pc said...

These earmarks are typically non-recurring, and thus tend to go to small capital projects. Transit doesn't have many small capital projects to consider, since transit only creates true value when it's part of a larger network.

Try thinking of how to spend $10,000 to improve CTA service in your neighborhood. Kind of hard, isn't it?

Moderator said...


How about station beautification. More bike racks. Dedicated space for car share service (e.g., I-Go) near station. Another bus stop shelter. Next bus arrival time scrolling message board. An extra $10,000 worth of bus service. Free ride incentives as part of customer outreach effort. Free rides for seniors/low income people in neighborhood. Sidewalk improvements near bus stop or train station. Bus stop snow removal (think ahead to January and jumping over snow ridges to get to bus). Extra station security (e.g., camera). Extra janitorial service. Wi-FI/Wi-Max antenna plugged into CTA fiber system that will give commuters and nearby homes/business a free internet connection.

Note that your $10,000 figure is way below the average earmark amount. Most of the member incentives are in the $20,000 - $100,000 range, with some going as high as $500,000. That may seem like peanuts to transit agencies, but it was good enough for the Chicago Park District and the Chicago Board of Education.

Finally, talking to legislators about little needs is a great opportunity to talk to them about the big stuff. From a legislator's perspective it must seem odd that the transit agencies ask for big money but are never around (I'm presuming) when the easy money gets doled out. The legislators must be wondering how needy the transit agencies are if they aren't scrambling for the little stuff like everyone else.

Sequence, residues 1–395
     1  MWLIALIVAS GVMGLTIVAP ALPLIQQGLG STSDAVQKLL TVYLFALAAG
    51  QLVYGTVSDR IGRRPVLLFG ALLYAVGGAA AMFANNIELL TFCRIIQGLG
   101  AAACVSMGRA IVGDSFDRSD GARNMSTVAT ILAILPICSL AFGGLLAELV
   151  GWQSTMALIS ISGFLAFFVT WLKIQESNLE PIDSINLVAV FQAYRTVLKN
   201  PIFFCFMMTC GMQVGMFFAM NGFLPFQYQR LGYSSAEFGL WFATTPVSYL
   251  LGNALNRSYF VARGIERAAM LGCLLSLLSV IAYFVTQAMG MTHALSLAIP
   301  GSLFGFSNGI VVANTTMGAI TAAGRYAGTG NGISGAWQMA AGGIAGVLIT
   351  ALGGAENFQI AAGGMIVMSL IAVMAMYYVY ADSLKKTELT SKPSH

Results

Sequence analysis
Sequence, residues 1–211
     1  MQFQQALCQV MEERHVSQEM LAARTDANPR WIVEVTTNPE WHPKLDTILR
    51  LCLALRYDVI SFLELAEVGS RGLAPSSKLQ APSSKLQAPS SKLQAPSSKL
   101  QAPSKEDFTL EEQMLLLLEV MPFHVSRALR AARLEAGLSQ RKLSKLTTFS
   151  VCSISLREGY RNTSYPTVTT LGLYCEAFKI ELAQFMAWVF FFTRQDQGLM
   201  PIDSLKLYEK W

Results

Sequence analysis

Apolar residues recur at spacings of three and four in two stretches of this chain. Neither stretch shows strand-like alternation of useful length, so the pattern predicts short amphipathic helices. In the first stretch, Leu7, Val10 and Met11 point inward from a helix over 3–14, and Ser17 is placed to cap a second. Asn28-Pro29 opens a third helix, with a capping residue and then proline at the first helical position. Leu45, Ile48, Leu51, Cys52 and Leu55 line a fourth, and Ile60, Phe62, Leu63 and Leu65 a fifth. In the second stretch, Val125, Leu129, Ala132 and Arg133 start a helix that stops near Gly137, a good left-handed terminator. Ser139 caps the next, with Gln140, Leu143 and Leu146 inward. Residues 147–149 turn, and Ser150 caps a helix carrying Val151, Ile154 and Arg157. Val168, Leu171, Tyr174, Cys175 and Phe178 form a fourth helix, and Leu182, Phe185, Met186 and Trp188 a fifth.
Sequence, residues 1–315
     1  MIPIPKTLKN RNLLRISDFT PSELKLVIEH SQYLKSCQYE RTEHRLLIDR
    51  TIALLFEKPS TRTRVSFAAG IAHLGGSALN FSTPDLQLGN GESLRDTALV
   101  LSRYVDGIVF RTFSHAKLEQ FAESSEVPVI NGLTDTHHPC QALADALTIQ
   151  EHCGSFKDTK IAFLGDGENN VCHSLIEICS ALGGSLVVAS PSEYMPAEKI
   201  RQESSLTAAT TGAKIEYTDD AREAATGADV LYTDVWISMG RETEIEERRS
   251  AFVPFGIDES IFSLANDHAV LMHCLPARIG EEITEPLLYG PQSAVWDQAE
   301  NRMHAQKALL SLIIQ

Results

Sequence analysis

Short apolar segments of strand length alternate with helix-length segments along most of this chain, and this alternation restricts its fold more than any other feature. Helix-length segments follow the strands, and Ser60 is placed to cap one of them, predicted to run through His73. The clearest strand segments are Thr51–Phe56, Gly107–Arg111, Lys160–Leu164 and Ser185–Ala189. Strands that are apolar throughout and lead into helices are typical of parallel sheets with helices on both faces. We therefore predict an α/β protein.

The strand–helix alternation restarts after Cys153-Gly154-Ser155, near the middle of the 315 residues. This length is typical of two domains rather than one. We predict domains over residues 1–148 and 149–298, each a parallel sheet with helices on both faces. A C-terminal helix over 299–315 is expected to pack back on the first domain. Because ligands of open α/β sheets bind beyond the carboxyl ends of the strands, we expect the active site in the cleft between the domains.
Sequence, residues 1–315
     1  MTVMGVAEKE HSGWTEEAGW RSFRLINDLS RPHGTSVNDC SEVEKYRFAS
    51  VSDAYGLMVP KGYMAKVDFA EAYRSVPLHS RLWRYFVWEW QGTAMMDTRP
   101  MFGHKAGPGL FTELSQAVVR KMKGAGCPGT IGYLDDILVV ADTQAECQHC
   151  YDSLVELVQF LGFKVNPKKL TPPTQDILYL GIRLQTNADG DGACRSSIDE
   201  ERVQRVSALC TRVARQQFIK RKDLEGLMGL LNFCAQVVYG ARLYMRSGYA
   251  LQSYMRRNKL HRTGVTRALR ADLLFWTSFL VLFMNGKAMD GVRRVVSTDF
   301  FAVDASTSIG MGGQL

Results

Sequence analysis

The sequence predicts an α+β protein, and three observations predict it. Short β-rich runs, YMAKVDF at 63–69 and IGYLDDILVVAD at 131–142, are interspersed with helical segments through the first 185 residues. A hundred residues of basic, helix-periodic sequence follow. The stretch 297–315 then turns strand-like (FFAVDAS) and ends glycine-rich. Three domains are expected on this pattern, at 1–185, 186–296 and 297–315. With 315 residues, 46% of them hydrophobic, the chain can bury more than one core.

Anonymous said...

The political case as always...has been made. The business case has not.

Anonymous said...

One might find relevant the following from Steve Chapman in the Tribune. While he was talking about highway spending, and how it is not prioritized for maintenance, but earmarked, it also applies to transit:
"When people mess up royally in the private sector, they are punished by the loss of money and even the disappearance of the entities that employ them. When people mess up royally in the public sector, they often get more money and responsibilities."

Anonymous said...

Has RTA issued a statement?

pc said...

Even $100,000 doesn't buy much bus service; Lake-Cook TMA's Shuttle Bugs cost about $500,000 a year, and the tourist trolleys and University of Chicago supplemental services have ~$2M budgets.

I'm on an SSA commission that has investigated a few solutions in the five-figure range, and it's good to know we've thought of most of the quick ideas (snow clearance, bus times, station cleaning and artwork). It would be nice to begin coordinating with our state reps to put these sorts of things on their radar, though.

However, NextBus requires that Bus Tracker be fully operational first. I'd say that this should be JCDecaux's responsibility, but apparently it isn't in their contract (even though Adshel, a competing bus shelter contract bidder, offered it). CTA is apparently prohibited from giving most "free rides" (or even "Eco Passes") under its enabling legislation. Maybe if it were an RTA thing -- although that would require a universal farecard first, wouldn't it?

Anonymous said...

Despite all the rumination about where the pork should be directed, maybe the Gov did the right thing by line item vetoing it, and Jones by upholding the veto. The question is, considering the difference between Illinois Constitution Art IV section 9(d) (line item veto) and 9(e) (amendatory veto), the line item cuts surely stick, but if the amendatory veto was used to divert the money to health care, wouldn't the legislature have to ratify that? Maybe the taxpayers have just saved $500 million. Any authorities on state constitutional law here?

pc said...

In any case, my point was that transit doesn't benefit as much from these kinds of "mini" capital project as parks or bike/walk does. (The ongoing operations budget for bike/walk projects is almost nil, and bike/walk advocates have trouble funding things like education that DO entail ongoing costs.) A new bike path or playground is one of the cheapest way for a politician to get a ribbon-cutting photo op, and then the thing largely takes care of itself.

Not only does transit not get much in the way of these small earmarks, it doesn't get much in CMAQ or Enhancements funds, among the most flexible of TEA funds. CTA does go after those funds, though.